Member of Parliament for Dormaa central, Kwaku Agyemang Manu, who also doubles as chairman of the Public’s Account Committee insists that MPs cannot let go of their ex-gratia as it is the means through which they can offset some expenditures that come with their job.
Speaking on Multitv’s political talk show, Joint Caucus, he argued that MPs are not those earning top salaries paid from the state’s coffers as perceived by Ghanaians; adding that they deserve some level of decent salaries.
Kwaku Agyemang Manu lamented that Ghanaians do not understand and appreciate that they are not well paid for the kind of work they do and the huge expenditure it comes with- reason the ex-gratia is of maximum importance.
”Campaigns cost us huge amounts, l spend close to 2.94 billion Cedis on my campaign and it is same with my colleagues on the general elections; not to talk of the primaries that some have to go through two to three times. Our job is very expensive, the risk profile, the expenditure etc. We use our entitlements for some of these things and that is huge”.
He added that the job of MPs is contractual and hence all MPs take the same salaries irrespective of the number of years one has been in parliament. So if there are any arrears in salaries and allowances they are calculated and ploughed back for them.
”When an MP loses his seat, it is difficult to secure a job because of his or her political branding, so they have nothing to feed on except for the ex-gratia package. Some of us have red accounts, rent and salary arrears, committee allowances that were never paid for 4 years. Add all that to the ex -gratia and nothing is left”.
The chairman of the public accounts committee also attributed the agitations on the labour front to mismanagement of the state’s coffers and not the entitlements of MPs.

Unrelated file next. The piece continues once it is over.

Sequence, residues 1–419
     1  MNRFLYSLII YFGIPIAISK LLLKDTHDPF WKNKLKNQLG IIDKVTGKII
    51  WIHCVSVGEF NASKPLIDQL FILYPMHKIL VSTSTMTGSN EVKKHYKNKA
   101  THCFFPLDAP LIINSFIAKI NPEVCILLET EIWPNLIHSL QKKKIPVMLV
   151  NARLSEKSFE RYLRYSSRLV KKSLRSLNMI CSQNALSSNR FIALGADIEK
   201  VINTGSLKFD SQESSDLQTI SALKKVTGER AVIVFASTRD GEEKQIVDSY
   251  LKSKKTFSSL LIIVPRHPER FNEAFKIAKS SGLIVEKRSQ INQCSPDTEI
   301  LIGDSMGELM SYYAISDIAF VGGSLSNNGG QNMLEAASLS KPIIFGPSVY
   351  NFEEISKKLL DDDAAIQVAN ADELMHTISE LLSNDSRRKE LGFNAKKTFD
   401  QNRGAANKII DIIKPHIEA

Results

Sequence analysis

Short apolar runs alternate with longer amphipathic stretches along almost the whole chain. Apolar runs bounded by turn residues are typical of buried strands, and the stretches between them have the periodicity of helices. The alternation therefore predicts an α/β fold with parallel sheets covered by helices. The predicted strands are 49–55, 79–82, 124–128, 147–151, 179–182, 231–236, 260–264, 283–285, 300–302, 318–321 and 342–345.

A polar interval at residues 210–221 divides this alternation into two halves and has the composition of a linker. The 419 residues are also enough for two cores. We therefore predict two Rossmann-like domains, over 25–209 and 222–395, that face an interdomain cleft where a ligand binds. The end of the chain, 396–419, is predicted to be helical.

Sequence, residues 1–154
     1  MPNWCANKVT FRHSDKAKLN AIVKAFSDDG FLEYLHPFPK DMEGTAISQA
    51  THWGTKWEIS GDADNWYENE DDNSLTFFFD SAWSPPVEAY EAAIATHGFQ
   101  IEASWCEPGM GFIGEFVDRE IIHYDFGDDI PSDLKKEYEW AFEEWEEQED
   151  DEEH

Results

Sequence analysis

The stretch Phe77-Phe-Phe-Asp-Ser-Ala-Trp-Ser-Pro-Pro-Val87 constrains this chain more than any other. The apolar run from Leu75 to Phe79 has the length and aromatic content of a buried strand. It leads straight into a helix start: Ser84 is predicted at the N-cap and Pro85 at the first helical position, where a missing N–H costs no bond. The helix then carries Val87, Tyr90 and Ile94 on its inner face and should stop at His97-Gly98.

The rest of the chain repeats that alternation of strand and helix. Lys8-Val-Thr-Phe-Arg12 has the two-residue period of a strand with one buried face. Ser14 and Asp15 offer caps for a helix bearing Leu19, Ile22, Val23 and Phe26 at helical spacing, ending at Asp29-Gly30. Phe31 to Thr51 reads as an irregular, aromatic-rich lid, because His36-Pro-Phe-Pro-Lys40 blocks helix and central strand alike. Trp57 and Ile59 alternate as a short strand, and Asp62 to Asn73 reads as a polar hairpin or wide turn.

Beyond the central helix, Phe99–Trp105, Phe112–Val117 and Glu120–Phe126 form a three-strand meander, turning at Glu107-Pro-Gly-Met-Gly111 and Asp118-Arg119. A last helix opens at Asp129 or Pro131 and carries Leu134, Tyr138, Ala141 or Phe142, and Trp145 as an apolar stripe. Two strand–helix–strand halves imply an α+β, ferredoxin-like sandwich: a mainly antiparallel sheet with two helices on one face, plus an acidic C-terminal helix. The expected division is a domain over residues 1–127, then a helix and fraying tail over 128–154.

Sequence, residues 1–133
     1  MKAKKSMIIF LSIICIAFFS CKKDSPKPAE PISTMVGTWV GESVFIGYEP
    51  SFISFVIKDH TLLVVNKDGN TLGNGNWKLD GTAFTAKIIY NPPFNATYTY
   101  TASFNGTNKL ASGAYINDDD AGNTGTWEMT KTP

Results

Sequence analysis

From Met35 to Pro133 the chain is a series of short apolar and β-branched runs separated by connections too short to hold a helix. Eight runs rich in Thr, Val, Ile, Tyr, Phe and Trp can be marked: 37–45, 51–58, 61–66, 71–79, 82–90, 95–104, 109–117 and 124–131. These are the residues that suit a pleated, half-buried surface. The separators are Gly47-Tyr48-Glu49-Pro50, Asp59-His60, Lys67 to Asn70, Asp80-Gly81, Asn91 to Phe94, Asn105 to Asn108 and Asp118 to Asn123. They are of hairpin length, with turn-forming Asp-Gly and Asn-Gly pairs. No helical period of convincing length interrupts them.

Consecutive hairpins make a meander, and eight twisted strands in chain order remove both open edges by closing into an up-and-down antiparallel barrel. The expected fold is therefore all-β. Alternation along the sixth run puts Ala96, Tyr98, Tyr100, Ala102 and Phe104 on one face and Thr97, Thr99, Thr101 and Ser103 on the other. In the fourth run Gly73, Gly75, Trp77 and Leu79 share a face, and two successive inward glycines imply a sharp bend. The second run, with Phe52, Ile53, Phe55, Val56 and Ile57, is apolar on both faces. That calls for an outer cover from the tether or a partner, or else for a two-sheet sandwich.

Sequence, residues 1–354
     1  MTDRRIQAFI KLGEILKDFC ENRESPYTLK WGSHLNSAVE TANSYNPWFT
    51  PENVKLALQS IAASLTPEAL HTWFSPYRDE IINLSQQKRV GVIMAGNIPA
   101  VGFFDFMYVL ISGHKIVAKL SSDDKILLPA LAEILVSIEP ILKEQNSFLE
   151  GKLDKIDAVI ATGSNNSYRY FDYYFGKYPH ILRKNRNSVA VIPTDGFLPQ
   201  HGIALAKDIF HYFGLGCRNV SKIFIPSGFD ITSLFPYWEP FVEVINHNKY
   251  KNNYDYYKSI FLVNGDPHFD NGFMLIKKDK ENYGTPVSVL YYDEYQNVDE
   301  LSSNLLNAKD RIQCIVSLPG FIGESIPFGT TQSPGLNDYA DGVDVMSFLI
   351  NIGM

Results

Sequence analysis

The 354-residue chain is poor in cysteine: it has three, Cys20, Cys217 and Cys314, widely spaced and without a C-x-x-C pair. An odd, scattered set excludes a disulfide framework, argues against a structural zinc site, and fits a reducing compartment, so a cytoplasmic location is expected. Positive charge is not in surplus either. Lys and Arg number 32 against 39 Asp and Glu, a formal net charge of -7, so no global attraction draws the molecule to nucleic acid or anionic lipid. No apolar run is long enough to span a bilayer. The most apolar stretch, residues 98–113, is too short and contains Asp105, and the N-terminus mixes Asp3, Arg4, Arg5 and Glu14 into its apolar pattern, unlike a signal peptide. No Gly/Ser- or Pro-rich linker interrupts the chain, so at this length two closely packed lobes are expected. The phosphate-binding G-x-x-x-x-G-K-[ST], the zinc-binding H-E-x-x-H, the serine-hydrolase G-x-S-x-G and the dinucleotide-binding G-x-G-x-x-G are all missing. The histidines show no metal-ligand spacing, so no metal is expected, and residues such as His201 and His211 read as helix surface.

”we are worried about the way our coffers are so exhausted, we have used 15 million Cedis for guinea fowl project, we have overspent our budget. We targeted 6.7 budget deficit and ended up with 12 percent, so if there is no money in the consolidated account what has that got to do with our ex-gratia? MPs are not to be blamed for the agitations on the labour front”.
Minister of state at the Presidency, Rashid Pelpuo reacting on the show, argued that government had done no wrong blaming Ghanaians especially formal sector workers for the current crisis.
” The majority of Ghanaians who insisted that fuel subsidies are not removed, the public servants who insisted on salary increments applying the single spine policy among others are to be blame for all this. We have been overspending on our salary package and yet the beneficiaries are the same people complaining. Government cannot overspend to pay them more again”
Rashid Pelpuo also agreed that MPs must receive their accumulated salary arrears not completely ex -gratia.
”l agree that we are all public servants but doctors, pharmacists and teachers must not be compared to us. They are not paid the same as four years ago especially after being migrated to the single spine salary payment structure. We MPs have been marking time”.